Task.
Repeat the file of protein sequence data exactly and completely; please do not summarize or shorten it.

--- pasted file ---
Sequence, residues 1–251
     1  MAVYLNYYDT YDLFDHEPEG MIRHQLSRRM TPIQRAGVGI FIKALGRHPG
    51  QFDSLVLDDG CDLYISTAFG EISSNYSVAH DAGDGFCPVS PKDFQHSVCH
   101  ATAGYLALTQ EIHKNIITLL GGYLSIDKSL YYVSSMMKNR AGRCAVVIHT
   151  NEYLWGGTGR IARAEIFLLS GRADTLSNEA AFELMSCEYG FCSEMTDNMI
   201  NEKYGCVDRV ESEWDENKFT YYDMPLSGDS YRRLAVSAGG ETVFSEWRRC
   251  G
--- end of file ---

Sequence, residues 1–251
     1  MAVYLNYYDT YDLFDHEPEG MIRHQLSRRM TPIQRAGVGI FIKALGRHPG
    51  QFDSLVLDDG CDLYISTAFG EISSNYSVAH DAGDGFCPVS PKDFQHSVCH
   101  ATAGYLALTQ EIHKNIITLL GGYLSIDKSL YYVSSMMKNR AGRCAVVIHT
   151  NEYLWGGTGR IARAEIFLLS GRADTLSNEA AFELMSCEYG FCSEMTDNMI
   201  NEKYGCVDRV ESEWDENKFT YYDMPLSGDS YRRLAVSAGG ETVFSEWRRC
   251  G